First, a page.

ALUMNI SPOTLIGHT: Bar Itamari

In February 2017, Hand in Hand Alumni Fatima Yahia and Bar Itamari stood together in front of thousands at a gathering for Jewish-Arab cooperation and said: “We are here to assure all of you that living together is possible.”

Bar and Fatima became friends in 1st grade when they started in Hand in Hand’s Wadi Ara School, Gesher al HaWadi in 2004. After they graduated 6th grade in 2009, they went to different schools, but stayed in touch as they grew up and kept the values they learned in school alive in their daily lives.

Below is Bar's story, to read Fatima's click here.

 

 

 

 

 

 

 

 

 

 

 

I remember my first day of school in the first grade like it was yesterday. It was so exciting, celebratory, so much energy in the air. At the beginning of the day we walked into the school yard and each student was handed a balloon and was asked to write a wish, and together, we let those wishes float into the sky. Those balloons have stayed with me. As I grew older some of the balloons in me popped, in confronting the harshness that can sometimes be in the world. But as I step into the world of adulthood that is full of contradictions and uncertainty, that first grader is still with me, holding on to hope.

Hand in Hand is a part of me. I tell people about it every chance I get. I’m proud of it - because people in Israel don’t know that this is possible, they don’t believe it until I tell them. It’s really empowering to have gone through Hand in Hand - and a big part of that is the language. Understanding Arabic makes such a difference in my life.  I remember sitting on the first day of 1st grade when a teacher started talking to me in Arabic and not understanding anything. And slowly, word by word, letter by letter, what at first felt foreign became familiar. For most Israelis, hearing Arabic is scary, and it gives me confidence that when I hear Arabic on the street and understand it. I remember once being on a school bus with Jewish students. When the Arab driver was talking on the phone, one of the students yelled “he’s a terrorist!” When he was really just having a normal conversation with his wife. I don’t have the fear that others have.  

 

 

 

 

 

 

 

 

 

       

Bar, Fatima, and friends from Hand in Hand in 2008

I also see things differently than other people. At school I learned early on how to be with people who are different from me and deal with different opinions knowing that we don’t have to agree. I remember that in 5th grade, when there was a war in Gaza, we sat and had dialogue. We were young, but still had strong feelings and fears. We listened to each other, even when it was hardest. My teachers taught us to think critically, and even after we left school, we never just accept things at face value, and we learned to fight for things that were important to us.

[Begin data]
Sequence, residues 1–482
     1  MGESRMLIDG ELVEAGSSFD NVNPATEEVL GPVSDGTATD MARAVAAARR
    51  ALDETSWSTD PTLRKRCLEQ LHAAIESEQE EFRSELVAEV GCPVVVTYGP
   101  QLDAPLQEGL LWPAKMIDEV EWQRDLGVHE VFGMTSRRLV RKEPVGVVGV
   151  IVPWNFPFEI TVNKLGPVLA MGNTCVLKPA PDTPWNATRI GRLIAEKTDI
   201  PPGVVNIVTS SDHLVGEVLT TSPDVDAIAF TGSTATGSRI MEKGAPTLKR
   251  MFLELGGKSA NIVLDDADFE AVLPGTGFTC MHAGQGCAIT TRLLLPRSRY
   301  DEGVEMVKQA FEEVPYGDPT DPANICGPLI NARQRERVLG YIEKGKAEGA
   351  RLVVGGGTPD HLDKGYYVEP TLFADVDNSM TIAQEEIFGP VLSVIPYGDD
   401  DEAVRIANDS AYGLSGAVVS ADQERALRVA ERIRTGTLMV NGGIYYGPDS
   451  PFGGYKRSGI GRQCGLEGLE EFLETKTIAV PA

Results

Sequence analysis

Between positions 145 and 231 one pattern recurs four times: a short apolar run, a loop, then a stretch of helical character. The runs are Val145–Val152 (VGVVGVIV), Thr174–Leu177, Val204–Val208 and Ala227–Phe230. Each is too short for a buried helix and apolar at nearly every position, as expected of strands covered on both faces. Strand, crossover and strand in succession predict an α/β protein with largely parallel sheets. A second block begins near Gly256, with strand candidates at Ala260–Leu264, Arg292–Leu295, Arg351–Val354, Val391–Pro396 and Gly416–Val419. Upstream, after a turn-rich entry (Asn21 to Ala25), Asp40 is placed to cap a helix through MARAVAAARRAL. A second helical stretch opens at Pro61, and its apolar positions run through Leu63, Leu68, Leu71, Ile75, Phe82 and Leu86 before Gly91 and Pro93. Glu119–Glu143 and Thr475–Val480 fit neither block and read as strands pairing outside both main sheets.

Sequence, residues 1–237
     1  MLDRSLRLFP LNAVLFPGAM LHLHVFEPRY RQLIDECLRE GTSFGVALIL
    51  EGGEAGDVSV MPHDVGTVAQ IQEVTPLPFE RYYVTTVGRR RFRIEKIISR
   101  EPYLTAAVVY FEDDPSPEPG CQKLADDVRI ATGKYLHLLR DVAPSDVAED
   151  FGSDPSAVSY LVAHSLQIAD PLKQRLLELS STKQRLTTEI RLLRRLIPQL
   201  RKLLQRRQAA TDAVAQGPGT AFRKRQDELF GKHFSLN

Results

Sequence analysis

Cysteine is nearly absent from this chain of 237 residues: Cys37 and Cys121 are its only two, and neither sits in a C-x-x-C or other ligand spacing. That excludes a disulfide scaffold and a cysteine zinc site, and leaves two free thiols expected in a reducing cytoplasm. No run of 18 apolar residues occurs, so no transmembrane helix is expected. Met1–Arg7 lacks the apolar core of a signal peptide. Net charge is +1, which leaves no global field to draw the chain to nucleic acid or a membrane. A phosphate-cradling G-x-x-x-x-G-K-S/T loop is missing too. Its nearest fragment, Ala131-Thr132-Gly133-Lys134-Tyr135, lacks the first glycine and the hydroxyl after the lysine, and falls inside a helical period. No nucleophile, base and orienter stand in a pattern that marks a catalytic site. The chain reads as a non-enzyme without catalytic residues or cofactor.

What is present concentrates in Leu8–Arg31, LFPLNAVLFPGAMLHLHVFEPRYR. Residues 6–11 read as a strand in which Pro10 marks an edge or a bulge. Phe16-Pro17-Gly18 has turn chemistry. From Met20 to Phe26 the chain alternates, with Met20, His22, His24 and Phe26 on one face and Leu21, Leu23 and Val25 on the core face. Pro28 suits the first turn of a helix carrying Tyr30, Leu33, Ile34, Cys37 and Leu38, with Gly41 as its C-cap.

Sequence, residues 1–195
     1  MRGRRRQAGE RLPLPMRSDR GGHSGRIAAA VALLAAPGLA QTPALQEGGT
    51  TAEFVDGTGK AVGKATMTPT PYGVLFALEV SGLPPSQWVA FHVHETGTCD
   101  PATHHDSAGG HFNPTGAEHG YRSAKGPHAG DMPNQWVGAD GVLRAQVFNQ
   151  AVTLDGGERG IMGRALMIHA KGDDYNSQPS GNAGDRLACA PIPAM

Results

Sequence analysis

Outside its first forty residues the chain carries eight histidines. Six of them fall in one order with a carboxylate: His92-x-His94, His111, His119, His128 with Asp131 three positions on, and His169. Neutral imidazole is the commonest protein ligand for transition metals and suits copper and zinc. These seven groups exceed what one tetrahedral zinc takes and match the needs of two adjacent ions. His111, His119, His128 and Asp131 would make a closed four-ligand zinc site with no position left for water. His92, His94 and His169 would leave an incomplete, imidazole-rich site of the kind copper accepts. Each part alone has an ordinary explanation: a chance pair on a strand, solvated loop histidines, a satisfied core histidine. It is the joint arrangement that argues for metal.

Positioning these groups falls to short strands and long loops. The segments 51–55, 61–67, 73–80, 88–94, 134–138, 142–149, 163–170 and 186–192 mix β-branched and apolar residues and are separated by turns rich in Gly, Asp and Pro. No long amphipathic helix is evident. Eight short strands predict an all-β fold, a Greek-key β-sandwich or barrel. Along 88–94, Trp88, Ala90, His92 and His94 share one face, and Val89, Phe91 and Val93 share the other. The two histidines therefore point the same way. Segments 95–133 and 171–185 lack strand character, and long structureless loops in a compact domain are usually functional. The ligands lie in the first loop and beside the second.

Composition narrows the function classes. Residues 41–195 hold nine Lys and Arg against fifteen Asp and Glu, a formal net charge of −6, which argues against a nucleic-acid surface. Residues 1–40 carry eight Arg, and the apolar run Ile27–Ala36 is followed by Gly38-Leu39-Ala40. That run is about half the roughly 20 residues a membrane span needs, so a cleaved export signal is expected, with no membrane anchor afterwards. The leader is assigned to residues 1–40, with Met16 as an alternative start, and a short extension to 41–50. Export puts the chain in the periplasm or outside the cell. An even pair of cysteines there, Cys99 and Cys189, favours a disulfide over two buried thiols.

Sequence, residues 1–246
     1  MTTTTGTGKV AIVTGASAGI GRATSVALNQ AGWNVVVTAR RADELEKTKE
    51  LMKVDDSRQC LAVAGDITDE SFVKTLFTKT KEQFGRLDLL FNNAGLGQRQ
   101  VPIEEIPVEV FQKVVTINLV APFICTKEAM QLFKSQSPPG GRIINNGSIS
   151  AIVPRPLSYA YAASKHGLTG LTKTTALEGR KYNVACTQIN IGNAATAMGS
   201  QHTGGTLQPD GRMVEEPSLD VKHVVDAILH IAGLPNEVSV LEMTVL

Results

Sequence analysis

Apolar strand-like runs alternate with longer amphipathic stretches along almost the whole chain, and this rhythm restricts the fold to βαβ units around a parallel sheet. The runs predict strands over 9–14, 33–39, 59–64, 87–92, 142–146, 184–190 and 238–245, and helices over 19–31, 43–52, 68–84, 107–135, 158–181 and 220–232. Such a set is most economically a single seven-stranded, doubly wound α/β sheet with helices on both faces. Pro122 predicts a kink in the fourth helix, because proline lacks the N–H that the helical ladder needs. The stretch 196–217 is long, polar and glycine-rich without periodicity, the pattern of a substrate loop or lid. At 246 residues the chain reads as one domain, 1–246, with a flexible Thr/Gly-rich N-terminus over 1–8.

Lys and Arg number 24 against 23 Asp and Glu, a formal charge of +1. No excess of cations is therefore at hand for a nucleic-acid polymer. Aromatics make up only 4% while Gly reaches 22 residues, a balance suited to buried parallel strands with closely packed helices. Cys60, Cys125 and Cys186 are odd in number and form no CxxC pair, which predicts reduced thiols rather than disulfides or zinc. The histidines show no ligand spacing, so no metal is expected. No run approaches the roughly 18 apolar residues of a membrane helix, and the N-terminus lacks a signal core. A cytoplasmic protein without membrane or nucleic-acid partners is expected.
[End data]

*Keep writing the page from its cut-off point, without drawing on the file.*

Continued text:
Right now I’m doing a year of National Service before the army. I live in an Ethiopian Jewish neighborhood, working with at-risk kids in schools, at home, and becoming part of the community. I’m trying to give kids tools to succeed in school and get into universities, empowering them to break the cycle of poverty. I think I’m doing this work because I’m drawn to know more about people who are different from me, and because education is in my blood.

My parents are both from a kibbutz that is part of the Shomer Hatzair movement. My mother is a psychologist and my father is an engineer - but all four of my grandparents were teachers and principals. They always taught me that education was the way to change the world.

My year of National Service has helped me understand that I want to work in education. I feel fulfilled from my work here this year. I believe what my grandparents taught me - that if we want to make change - it needs to be through education. Now that I’m working in schools, i see what is missing in the education that exists today. I want to see each child as their own person,  to encourage them and to develop their strengths. I want to teach kids that the world is open to them, even when they can’t see it themselves. I’m trying to open those boundaries for them, like they were open for me.

I’m not sure what I want to do, but I could see myself going back to teach at Hand in Hand when I’m older. It’s interesting now to come back to where I started and to still feel the warmth of a place that is home.

 

 
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